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Elvis Costello: “The Crooked Line” It’s hard to tell what’s more shocking here: the twangy vibe, or the fact that Elvis Costello is singing about love without sounding poisonous and bitter. “The Crooked Line,” snatched from his upcoming record Secret, Profane, & Sucarcane, finds Costello going full-on country for the first time since King of America (that album’s producer, T-Bone Burnett, is again at work here) and it’s a welcome return. Strangely enough, those big glasses do sit pretty well alongside a cowboy hat.
Lindstrom + Prins Thomas: “Rothaus (Groove Edit)” Norwegian disco producers Lindstrom and Prins Thomas have always looked to the past for inspiration, but this time they’re looking further back than usual. Where they were once content to tune the way-back machine into the ’80s, to better feel the pulse of italo-disco, their second collaborative record, Lindstrom + Prins Thomas II, knocks off another ten years, going all the way back to the krautrock-era. “Rothaus” is more than a little jammy, with a handful of keyboards randomly gurgling over a steady rhythm, recalling the more transcendent moments of fusion-era Miles Davis or Ash Ra Tempel.
Animal Collective: “Summertime Clothes (Dam Funk Remix)” Animal Collective’s much loved Merriweather Post Pavilion proved once and for all that the Baltimore-bred trio could make decent use of bottom end. But getting all of those newfound bass frequencies into the pocket? Well, they aren’t quite there yet. Perhaps that’s why the band commissioned smooth-sounds maven Dam Funk for this remix of “Summertime Clothes.” The Los Angeles-based producer scrapes off the atmospheric gook and rolls in the analog synths, re-shaping the song into something tight and slinky enough to fit comfortably on Prince’s 1999.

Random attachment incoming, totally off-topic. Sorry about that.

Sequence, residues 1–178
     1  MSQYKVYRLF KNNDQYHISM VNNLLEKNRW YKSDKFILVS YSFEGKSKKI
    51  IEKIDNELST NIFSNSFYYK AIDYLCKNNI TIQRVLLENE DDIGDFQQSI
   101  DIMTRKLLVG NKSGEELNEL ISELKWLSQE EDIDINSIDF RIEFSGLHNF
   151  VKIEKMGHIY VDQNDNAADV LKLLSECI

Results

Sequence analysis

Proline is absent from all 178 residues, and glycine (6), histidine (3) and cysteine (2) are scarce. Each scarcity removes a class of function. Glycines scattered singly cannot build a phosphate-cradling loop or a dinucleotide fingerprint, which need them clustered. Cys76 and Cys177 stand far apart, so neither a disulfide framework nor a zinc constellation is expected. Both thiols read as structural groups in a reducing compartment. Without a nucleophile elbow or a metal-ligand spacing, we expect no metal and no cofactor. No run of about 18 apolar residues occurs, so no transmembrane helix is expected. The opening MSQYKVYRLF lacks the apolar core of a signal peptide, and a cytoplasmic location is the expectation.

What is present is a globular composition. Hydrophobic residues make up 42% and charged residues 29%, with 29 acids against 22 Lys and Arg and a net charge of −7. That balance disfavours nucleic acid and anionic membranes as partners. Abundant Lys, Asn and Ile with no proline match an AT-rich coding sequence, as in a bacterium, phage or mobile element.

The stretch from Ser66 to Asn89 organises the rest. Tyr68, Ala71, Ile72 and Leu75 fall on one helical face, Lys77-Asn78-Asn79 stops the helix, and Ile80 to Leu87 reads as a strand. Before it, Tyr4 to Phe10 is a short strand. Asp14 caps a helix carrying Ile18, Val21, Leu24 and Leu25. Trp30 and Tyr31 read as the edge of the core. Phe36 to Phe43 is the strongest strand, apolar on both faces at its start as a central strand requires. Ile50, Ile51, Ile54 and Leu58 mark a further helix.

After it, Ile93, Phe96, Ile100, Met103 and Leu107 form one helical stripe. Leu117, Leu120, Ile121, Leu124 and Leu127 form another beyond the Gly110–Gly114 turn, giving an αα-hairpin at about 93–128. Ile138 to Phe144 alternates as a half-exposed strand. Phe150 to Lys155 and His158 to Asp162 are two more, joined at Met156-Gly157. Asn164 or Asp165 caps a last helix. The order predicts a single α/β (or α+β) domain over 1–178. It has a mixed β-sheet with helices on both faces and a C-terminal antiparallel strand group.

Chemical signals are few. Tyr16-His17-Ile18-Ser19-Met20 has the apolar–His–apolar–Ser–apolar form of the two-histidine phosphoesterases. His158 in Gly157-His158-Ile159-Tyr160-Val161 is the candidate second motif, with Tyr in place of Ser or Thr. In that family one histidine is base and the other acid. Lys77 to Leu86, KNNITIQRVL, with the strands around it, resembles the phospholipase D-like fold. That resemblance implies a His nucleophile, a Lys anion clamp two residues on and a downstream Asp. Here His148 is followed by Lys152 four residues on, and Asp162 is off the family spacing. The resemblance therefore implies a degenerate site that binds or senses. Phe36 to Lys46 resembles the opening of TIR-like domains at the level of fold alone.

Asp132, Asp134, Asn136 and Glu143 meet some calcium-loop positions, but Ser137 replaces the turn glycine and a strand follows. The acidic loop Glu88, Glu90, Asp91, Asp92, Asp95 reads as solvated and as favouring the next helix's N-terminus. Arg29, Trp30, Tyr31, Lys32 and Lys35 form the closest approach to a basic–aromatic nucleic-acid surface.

The Dead Weather: “Treat Me Like Your Mother” Speaking of Prince, since when did Jack White become alterna-rock’s answer to The Purple One, jumping from instrument to instrument, and from band to band? “Treat Me Like Your Mother,” by Dead Weather—White’s new super-group with Kills singer Alison Mosshart—finds him serving two roles, drummer and hype man. Doing both simultaneously must be a bit of a task, given the song’s jagged and bombastic rhythms. But White nails it here with impressive dexterity or, possibly, just a few overdubs. Never the less, for a guy who’s on his second side project, this isn’t too bad.